What is my trick to keeping the choreography straight? I'm still developing this strategy, but this is what has worked for me so far. I had rehearsals with two of the schools before I left for Rochester, so I had the opportunity to dabble with the choreography and put it in the back of my brain for safe keeping. Once I arrived in Rochester, I stopped focusing on my other gigs. For me, it is more important to focus on the task at hand, then to try to juggle what will be happening down the road fresh in my mind. I didn't study or rehearse any choreography that wasn't related to the Nutcracker that I was performing with RCB. I figured that I was less likely to forget or change the choreography if I focused on my current situation. When I was a student, I hadn't figured out the art of multitasking when it came to learning and retaining choreography. In order to keep things straight, I went back to my youthful ways and stayed on one track. Once I had completed my duties in Rochester, I hopped on a plane and began studying the DVD for my next gig. Although I hadn't reviewed the choreography since our one rehearsal as Hurricane Sandy was coming ashore, the base of the work was still somewhere in the back of my brain. I had just spent 72 hours listening to RCB's orchestra play the Nutcracker soundtrack on a loop that repeated 6 times,  but I had to endure the music to refresh my memory. Once I arrived in Arlington, we had a few refresher rehearsals and then knocked out 6 performances of my favorite holiday classic (note the sarcasm). My next gig will be the most challenging, as I have not rehearsed with the dancer and the choreography is quite different. After I finish that gig, it will be smooth sailing from there. I am reprising my role at the academy that I was raised at. Although we have barely rehearsed, the choreography will come back to me easily since I have performed it before.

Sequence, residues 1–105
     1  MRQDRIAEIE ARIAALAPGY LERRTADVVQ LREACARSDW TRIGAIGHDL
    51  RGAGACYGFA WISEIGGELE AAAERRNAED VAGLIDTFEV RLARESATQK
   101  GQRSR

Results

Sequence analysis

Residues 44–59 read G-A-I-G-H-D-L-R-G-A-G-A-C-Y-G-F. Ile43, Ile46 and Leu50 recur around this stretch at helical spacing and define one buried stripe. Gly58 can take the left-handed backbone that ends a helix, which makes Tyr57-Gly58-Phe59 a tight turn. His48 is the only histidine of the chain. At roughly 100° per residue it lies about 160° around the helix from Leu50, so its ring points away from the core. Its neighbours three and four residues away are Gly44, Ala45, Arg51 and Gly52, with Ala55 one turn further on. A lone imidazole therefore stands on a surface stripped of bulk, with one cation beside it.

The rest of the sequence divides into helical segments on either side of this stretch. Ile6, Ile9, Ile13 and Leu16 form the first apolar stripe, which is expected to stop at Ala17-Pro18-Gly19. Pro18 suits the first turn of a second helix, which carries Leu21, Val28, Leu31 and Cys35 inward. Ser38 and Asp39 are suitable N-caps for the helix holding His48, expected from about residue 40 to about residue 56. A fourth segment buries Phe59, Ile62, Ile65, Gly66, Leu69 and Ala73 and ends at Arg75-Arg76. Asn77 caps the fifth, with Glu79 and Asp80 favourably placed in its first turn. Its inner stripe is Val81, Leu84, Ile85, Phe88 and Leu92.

Aside from retaining choreography, the biggest challenge for me is to remain excited throughout the multitude of performances (and if not, to at least give off the appearance that I am excited).  As I stated before, I am pretty Nutcracker jaded. Not only do I over-rehearse the role (even though I've already had 12 performances, two of my partners haven't rehearsed with me. This means that I have to rehearse from scratch 4 different times), but after rehearsals and shows I have to venture out into the real world to purchase gifts for family and friends. During my shopping trips, it never fails that Nutcracker music is being blasted on the speakers at malls and stores. And to make matters even worse, if I want to sit down and relax, the Russian Trepak and Sugar Plum Fairy variation play on TV for at least one ad during every commercial break. For me, it is 6 weeks of Groundhog Day.

The Eastman Kodak Theatre, Rochester, NY